11. Meetings of the Senate are open to the public.
  12. Every item on the agenda is debated. Members of the Senate, the Dean, the Vice-Dean and the Secretary to the Faculty, the Rector, and the Vice-Rector may participate in the debate. Other persons may participate in the debate upon approval of the Senate.
  13. The Senate may resolve to limit the length of a contribution, which may not be shorter than five minutes.
  14. A member of the senate has the right to make an observation in response to the debate. He will be given the floor immediately after the person speaking has finished. The observation must be made within two minutes.
  15. The members of the Senate may present amendments to the motions contained in the relevant background documents or presented in the introductory speech.
  16. At the end of the debate the floor is given to the author or the mover if he claims it.
  17. No one may be interrupted by anyone whilst speaking in the debate. Exceptionally, the Chair is entitled to direct the speaker to discontinue speaking:
    1. if the speaker, despite prior warning, has not spoken to the point discussed, or
    2. if the speaker has exceeded the limit of the contribution length under paragraph 13, or the time limit under paragraph 14.
  18. An objection may be raised against the decision of the Chair, and the objection will be decided upon by the Senate without delay.

Article 4
Resolution

  1. The Senate makes decisions by resolutions.  
  2. The Senate has a quorum if a majority of all its members are present unless otherwise provided.
  3. A resolution is adopted if an absolute majority of the persons present voted in its favour. Resolutions regarding section 27 (1) of the Higher Education Act require approval from an absolute majority of all members of the Senate. A motion to dismiss the Dean is adopted if at least two thirds of all members of the Senate voted in its favour.

Article 5
Minutes

  1. Minutes of all meetings of the Senate are to be taken by the secretary of the Senate appointed by the Senate. The minutes are approved and signed by the Chair or a member of the Board designated by him.
  2. The minutes of a meeting usually involve the following items:
    1. the date and hour of the start of the meeting;
    2. the names of members of the Senate present and absent, distinguishing those who were excused and those who were not;
    3. the relevant content of individual items on the agenda; and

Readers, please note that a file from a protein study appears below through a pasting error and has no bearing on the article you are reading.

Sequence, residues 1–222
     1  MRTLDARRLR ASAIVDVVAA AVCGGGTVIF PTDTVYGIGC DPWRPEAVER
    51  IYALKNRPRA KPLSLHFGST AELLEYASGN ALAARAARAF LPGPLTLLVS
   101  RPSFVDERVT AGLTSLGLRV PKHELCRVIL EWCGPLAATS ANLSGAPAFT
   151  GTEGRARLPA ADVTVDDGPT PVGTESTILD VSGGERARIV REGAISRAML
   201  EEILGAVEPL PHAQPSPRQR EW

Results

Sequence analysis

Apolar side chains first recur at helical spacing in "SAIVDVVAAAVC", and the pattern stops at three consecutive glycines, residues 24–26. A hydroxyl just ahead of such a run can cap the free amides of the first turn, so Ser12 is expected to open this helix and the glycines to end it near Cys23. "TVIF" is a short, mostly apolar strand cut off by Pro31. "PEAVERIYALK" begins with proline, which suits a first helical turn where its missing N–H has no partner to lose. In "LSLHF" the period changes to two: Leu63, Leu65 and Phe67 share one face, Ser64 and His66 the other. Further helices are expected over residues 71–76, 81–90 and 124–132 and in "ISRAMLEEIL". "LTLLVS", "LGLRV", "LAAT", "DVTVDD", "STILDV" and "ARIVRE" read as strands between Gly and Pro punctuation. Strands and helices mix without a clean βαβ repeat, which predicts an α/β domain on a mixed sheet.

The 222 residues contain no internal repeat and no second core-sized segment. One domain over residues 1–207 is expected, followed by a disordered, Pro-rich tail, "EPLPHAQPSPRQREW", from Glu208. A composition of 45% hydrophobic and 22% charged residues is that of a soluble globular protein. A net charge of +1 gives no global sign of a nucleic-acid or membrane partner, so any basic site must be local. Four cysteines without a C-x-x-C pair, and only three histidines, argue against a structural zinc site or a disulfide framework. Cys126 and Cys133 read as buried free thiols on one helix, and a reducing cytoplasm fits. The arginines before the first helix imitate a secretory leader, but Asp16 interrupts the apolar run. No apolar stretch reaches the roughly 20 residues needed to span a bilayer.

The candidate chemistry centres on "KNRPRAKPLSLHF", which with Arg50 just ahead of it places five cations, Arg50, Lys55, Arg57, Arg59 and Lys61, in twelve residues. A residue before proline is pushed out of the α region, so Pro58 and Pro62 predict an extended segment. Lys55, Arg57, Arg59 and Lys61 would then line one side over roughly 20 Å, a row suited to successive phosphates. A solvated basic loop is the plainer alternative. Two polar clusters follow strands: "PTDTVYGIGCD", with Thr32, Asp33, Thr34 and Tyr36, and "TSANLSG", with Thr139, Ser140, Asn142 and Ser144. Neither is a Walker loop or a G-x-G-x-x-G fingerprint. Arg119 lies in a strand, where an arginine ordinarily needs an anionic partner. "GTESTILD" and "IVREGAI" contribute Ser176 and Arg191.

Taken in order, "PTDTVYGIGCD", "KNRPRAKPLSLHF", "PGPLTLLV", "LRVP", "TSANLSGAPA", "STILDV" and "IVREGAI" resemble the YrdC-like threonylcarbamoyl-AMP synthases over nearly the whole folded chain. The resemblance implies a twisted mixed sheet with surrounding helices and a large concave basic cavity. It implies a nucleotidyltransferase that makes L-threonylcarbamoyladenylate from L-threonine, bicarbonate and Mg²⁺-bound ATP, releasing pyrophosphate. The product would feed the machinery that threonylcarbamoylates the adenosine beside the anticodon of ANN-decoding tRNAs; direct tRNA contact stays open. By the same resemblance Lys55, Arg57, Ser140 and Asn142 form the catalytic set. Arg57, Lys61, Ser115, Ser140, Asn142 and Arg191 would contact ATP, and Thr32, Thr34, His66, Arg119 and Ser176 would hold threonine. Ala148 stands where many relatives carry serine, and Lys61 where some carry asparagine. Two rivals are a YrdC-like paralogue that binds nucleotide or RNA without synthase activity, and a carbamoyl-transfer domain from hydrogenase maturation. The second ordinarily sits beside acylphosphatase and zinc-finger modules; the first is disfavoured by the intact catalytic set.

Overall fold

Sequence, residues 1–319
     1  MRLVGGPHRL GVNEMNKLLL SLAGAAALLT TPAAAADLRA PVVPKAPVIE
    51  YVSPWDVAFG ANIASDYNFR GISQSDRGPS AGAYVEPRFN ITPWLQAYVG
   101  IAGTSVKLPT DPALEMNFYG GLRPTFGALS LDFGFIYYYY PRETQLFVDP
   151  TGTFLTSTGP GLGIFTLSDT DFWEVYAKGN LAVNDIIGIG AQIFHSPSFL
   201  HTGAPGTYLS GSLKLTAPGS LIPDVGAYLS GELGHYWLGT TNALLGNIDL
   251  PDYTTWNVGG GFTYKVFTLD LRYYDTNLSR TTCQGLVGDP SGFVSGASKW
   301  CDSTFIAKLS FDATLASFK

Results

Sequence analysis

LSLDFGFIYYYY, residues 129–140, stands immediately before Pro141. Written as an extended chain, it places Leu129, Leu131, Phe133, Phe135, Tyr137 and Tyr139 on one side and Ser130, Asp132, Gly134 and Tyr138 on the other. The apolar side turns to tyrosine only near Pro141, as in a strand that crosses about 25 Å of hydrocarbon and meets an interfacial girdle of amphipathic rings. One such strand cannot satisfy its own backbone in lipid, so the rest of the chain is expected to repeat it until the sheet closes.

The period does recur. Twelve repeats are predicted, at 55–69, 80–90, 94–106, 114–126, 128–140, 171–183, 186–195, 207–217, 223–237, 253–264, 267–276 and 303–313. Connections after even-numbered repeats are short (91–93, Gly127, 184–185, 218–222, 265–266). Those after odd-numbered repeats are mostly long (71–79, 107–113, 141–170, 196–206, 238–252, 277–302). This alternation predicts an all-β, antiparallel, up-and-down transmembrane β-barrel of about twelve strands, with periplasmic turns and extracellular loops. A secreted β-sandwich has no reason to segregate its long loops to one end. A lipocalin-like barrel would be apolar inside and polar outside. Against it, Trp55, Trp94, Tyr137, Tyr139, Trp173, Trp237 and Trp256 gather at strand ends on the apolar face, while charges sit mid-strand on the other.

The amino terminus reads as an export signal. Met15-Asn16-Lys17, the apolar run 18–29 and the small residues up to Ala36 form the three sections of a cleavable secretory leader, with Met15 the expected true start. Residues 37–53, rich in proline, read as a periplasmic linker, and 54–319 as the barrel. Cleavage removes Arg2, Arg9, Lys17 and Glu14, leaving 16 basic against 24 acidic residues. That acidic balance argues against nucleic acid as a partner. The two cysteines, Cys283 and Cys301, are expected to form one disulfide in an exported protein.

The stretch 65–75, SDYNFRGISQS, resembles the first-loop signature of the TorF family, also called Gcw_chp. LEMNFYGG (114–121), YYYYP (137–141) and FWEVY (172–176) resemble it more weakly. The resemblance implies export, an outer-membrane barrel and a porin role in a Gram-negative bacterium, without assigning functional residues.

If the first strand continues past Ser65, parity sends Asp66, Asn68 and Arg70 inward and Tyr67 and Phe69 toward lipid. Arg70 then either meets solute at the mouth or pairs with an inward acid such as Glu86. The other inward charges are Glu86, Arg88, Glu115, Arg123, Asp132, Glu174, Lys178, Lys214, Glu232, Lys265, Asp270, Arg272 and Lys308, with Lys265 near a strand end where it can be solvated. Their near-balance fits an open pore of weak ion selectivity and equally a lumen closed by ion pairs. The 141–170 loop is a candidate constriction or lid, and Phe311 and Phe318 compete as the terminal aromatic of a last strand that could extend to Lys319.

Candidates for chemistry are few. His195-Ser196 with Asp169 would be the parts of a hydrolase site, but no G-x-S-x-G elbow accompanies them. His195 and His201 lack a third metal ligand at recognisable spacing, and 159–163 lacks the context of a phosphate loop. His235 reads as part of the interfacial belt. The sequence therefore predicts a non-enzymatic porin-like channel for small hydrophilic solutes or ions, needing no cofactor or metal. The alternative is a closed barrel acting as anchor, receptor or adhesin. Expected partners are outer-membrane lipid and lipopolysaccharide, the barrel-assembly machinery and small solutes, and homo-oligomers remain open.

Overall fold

4. resolutions passed and the results of voting.
  3. The Secretary of the Senate sends the minutes of the Senate meetings regularly to all members of the Senate and to the bodies of academic self-governance of the Faculty. The Academic Community of the Faculty is informed by publishing the minutes in the publicly accessible part of the Faculty website.

Article 6
Voting

  1. Members of the senate vote jointly.
  2. The voting of the Senate is public unless otherwise provided by this Code.  
  3. Resolutions on nominations for the Dean or his dismissal, Senate approval of the appointment or dismissal of members of the Research Board of the Faculty, approval of the appointment or dismissal of members of the Disciplinary Board of the Faculty, the Senate’s opinion on the Dean’s nominations for Vice-Deans or a Secretary and their dismissal, election of members of the Board, the Chair, or Vice-Chair of the Senate are always decided by secret ballot. The Senate makes resolutions by secret ballot always if a member of the Senate so proposes.
  4. The Senate may make resolutions on procedural matters by tacit consent; in such case the results of the voting are not recorded in the minutes of the meeting. Procedural matters are voted on and the result of the voting is recorded in the minutes if a member of the Senate asks for it.
  5. Unless otherwise provided, members of the Senate vote by raising their hand and the votes are counted or, if necessary, recounted.  
  6. The Chair determines, in advance, the manner of expressing an opinion on the ballot paper in the case of secret ballot. Marking the ballot paper in a different way renders the vote invalid.
  7. Scrutineers count the ballot papers and issue a report on the results of the secret ballot.
  8. The report on the results of a secret ballot contains the subject matter of the vote, the number of members of the Senate present, the number of those absent, the number of votes cast, and the number of valid (in favour of the motion – against the motion – abstentions) and invalid votes.

Article 7
Consideration and Voting Outside the Meeting

  1. Pressing matters and motions subject to the opinion of the Senate for the debate of which it is not possible or practical to convene a meeting of the Senate may be sent to the members of the Senate by the Board for consideration outside the meeting. A vote outside the meeting is not possible on issues related to decisions made under section 27 (1) of the Higher Education Act.
  2. The announcement of a vote and the text of the motion are sent to the members of the Senate via closed electronic conference. The announcement indicates the time limit for consideration and voting, which may not be shorter than three working days from the dispatch.
  3. Voting is public. Each member’s vote is valid only if its text is unequivocal (in favour of the motion – against the motion – I abstain).
  4. A motion considered outside the meeting is deemed approved if the absolute majority of all members of the Senate voted in its favour.
  5. This manner of considering and voting may not be used in order to decide a matter that should be decided by secret ballot. Likewise, this manner of considering and voting may not be used if at least three members of the Senate indicated their disagreement within the time limit set for voting.
  6. The record about voting outside the meeting is to be approved by the Senate at the next regular meeting. The record must include a list of the names of the members of the Senate with an indication of how they voted.